The key is in the first step: testing for IBS triggers. IBS can be triggered by a dozen underlying causes and each IBS trigger requires a different treatment.
5 steps to permanently cure IBS:
- Test for IBS triggers
- Inquire about medications
- Start a low-FODMAP or other anti-inflammatory diet
- Make lifestyle changes
- Take gut-healing supplements
How long does it take for IBS to go away? It takes several months for IBS to go away completely for many patients. However, some IBS sufferers can experience a reduction in IBS symptoms in less than a day. It depends on which IBS trigger is causing the discomfort.
Below, we will go into a little detail for each of these steps.
1. Test for IBS Triggers
The first step to curing IBS permanently is identifying the IBS trigger that is causing your irritable bowel syndrome.
One or more of these IBS triggers may be to blame:
- Chronic stress
- Antibiotic overuse
- Leaky gut syndrome
- Small intestine bacterial overgrowth (SIBO)
- Yeast overgrowth
- Hormone imbalance
- Low vagal tone
- Thyroid dysfunction
- Food allergens
- Food poisoning
- Excessive alcohol
- Excessive caffeine
Some IBS triggers are more common than others. For instance, up to 84% of IBS patients have SIBO, which may trigger IBS symptoms. That is why we always test for SIBO in our IBS patients.
In some cases, we may trigger more than one IBS trigger that applies to an individual IBS patient.
2. Inquire About Medications
Many medications come with concerning side effects. Here at PrimeHealth, we prefer to keep the medication to a minimum. But there’s not doubt that some medication is very helpful for relieving IBS symptoms, especially certain antibiotics.
Medications for IBS may include:
- Prucalopride (Motegrity) and low-dose naltrexone are promotility agents used to treat IBS-C and, if present, SIBO. These medications support healthy bowel muscle movement (peristalsis) and can reduce constipation and bloating. Both of these medications are prescribed “off-label” for the treatment of IBS.
- Rifaximin is the generic of Xifaxan, an antibiotic which is FDA-approved to treat IBS-D. Rifaximin is an effective prescription medication we prescribe for IBS-D. (While several insurance companies don’t want to pay its high price tag, PrimeHealth uses pharmacies in Canada to obtain the generic form at a reasonable price when needed.) Rifaximin is also a viable antibiotic for IBS-C.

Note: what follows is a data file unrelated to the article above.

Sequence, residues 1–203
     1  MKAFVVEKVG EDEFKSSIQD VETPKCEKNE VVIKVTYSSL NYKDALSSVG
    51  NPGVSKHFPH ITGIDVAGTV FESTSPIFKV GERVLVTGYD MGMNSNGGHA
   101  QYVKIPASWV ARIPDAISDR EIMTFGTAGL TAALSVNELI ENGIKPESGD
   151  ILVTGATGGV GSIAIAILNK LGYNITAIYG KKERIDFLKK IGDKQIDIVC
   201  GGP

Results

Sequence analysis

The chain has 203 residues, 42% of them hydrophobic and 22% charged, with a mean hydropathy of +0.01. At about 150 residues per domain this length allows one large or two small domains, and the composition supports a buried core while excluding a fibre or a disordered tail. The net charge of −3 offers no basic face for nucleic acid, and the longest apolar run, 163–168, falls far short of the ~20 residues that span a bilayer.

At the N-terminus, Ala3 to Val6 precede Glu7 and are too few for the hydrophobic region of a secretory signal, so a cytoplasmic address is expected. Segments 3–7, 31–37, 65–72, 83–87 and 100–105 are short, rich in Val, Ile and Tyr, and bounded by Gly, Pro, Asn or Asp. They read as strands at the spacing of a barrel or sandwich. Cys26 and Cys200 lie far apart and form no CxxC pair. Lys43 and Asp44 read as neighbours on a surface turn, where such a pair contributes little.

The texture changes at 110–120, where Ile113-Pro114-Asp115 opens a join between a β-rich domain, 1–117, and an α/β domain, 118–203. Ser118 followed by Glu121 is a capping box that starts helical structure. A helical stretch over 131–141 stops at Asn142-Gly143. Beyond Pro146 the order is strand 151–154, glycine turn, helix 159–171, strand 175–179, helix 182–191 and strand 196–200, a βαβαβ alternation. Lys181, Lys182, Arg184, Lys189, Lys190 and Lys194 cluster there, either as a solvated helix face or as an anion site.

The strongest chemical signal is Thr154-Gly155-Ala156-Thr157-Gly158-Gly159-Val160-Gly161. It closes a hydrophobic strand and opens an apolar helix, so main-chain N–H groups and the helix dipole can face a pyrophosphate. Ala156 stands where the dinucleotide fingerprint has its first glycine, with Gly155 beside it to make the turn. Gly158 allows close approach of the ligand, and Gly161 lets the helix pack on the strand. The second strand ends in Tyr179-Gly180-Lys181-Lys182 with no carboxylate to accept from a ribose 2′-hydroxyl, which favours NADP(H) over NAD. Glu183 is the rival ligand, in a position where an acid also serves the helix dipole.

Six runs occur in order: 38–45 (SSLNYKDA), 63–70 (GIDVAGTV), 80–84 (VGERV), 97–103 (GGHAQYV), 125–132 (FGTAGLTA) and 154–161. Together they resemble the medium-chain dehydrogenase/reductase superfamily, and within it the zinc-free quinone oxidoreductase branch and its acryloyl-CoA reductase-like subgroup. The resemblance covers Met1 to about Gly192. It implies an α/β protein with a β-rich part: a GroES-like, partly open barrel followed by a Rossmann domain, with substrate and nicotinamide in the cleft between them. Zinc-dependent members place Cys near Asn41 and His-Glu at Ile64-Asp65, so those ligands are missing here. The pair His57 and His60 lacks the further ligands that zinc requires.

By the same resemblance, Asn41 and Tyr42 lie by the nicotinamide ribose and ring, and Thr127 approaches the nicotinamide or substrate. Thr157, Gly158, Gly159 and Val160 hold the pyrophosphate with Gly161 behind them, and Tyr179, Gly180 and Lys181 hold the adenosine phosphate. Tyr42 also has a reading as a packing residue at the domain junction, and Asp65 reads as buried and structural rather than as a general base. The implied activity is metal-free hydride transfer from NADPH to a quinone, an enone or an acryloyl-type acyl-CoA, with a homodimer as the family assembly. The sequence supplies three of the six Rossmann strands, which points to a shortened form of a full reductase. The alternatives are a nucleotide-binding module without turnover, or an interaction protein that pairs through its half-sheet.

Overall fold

- Neomycin is a potential antibiotic we may use for IBS-C caused by methane-predominant SIBO.
- Metronidazole and tinidazole are antiparasitic antibiotics that PrimeHealth will use if a patient tests positive for parasites or methane-predominant SIBO.
- Antispasmodics are medications that relieve cramping. They may cause constipation, so antispasmodics are prescribed only for IBS-D patients.
- Loperamide (Imodium) and bismuth subsalicylate (Pepto-Bismol) are two over-the-counter diarrhea medications that doctors often suggest.
- Laxatives, such as psyllium (Metamucil), add soluble fiber to your stool. This draws more water from your intestines, which may help with constipation. Drink plenty of water with laxatives.
- Biofilm disruptors (e.g. oregano, cinnamon, and curcumin) are a safe method of weakening harmful bacteria’s protective shell, called a biofilm. Biofilms are resistant to antibiotics, so a biofilm disruptor may be needed to neutralize harmful bacteria’s defenses.
3. Start a Low-FODMAP Diet
There are a few effective IBS diets. If you have an allergy to grains or dairy products, you can simply eliminate those food allergens from your diet and see if your IBS goes away.
However, the low-FODMAP diet is the most common IBS diet.
The low-FODMAP diet is a universally accepted diet for IBS sufferers. Many mainstream doctors have directed their IBS patients to adhere to the low-FODMAP diet.
FODMAP stands for “fermentable oligosaccharides, disaccharides, monosaccharides, and polyols”. Essentially, FODMAPs are fermentable carbs. When these FODMAPs ferment in your gut, they can exacerbate IBS symptoms.
Avoid the following foods on a Low-FODMAP diet:
- Brussels sprouts
- Sugar/sugar alcohols